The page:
News Release

International team publishes perspective paper on role of the clinician-data-scientist in healthcare

Clinician-data-scientist role emerges as digital healthcare grows

Peer-Reviewed Publication

Health Data Science

Healthcare is constantly changing, as big data analytics and advanced technologies such as artificial intelligence are now being applied in the healthcare field. These high-tech changes hold the potential to transform patient care. In response to these changes, an international team of scientists has published a perspective paper, describing the competencies of clinician-data-scientists and addressing the challenges in training these health care professionals. Their perspective paper was published in the journal Health Data Science on August 8, 2022.

The clinician-data-scientist combines in-depth clinical knowledge with skills in data science. These healthcare professionals are well prepared to identify the challenges in healthcare that accompany the growing digital transformation. They are able to lead meaningful scientific studies, communicate well across disciplines, and provide general critical interpretations. With their interdisciplinary knowledge, these clinician-data-scientists will play crucial roles in guiding the approvals for innovative technologies and creating digital health policy.

“In a digital health era, clinician-data-scientists are critically important as they possess a deep understanding of both data science and the humanistic nature of medicine, and are ready to identify clinically important questions,” said Luxia Zhang, a professor at the National Institute of Health Data Science, Peking University.

In their perspective paper, the researchers explore the core competencies a clinician-data-scientist needs to have, stressing that these individuals must be able to closely link medicine and data science to work efficiently and to enable data-driven discoveries in healthcare.

“The core competencies of a clinician-data-scientist should include a fundamental understanding of health data, training in epidemiology, statistics, bioinformatics, and computer science, combined with an understanding of continuous healthcare improvement frameworks, socio-technical system challenges, and advanced skills in inter-disciplinary communication and collaboration,” said Dr. Mai Wang, from the National Institute of Health Data Science, Peking University. The researchers believe that with a strong understanding of healthcare and the ability to identify knowledge gaps in medical practice, clinician-data-scientists will play critical roles in data science research projects.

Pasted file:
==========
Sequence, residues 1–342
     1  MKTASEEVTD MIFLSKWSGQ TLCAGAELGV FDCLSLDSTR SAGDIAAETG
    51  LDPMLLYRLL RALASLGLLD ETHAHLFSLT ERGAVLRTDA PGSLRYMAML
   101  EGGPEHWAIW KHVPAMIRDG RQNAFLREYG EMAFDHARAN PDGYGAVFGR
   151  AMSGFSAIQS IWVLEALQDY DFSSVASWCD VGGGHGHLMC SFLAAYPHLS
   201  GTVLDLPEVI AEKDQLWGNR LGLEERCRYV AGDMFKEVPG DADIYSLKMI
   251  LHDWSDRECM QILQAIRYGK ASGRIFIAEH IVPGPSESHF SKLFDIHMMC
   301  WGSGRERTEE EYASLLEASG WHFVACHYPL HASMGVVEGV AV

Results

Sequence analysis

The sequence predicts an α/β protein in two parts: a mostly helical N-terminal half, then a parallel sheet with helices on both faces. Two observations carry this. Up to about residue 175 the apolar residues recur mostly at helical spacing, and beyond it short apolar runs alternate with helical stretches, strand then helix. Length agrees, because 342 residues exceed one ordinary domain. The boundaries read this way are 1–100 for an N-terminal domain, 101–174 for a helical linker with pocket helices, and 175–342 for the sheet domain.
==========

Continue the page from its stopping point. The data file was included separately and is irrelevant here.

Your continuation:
Besides exploring the core competencies a clinician-data-scientist needs, the researchers also examined the training these health care professionals require. This training is challenging because of the increased complexity of data and the rapid advancement of analytic techniques. As an added challenge, data science is not part of conventional medical education training. While some medical schools are starting to modify their curriculum, overall, integrated formal training programs for clinician-data-scientists are scarce worldwide.

The researchers view teamwork as key to this process. “To conquer training challenges, senior clinical faculties and data scientists should form a close partnership and work together to design training frameworks with flexibility and frequent updating for adaptation to various application scenarios,” said Wang.

Looking to the future, the researchers stress that clinician data scientists are key team members in patient health care. Clinicians need training in data science skills. At same time, data scientists with deep technical skills are needed, so that key clinical questions are formed and prioritized.

“Clinician-data-scientists are critically important as they possess a deep understanding in both science and humanistic nature of medicine and are ready to identify clinically important questions that, if addressed, can make medical advances and assure excellence in patient care,” said Zhang.

“The next step is to form a training framework and design curricula that focuses on the core competencies required by clinician-data-scientists. And this must be continuously updated to adapt to new developments,” said Zhang.

The research team includes Fulin Wang, Lin Ma, Mai Wang  from Peking University Health Science Center; Georgina Moulton from The University of Manchester; and Luxia Zhang, from Peking University and Peking University First Hospital.

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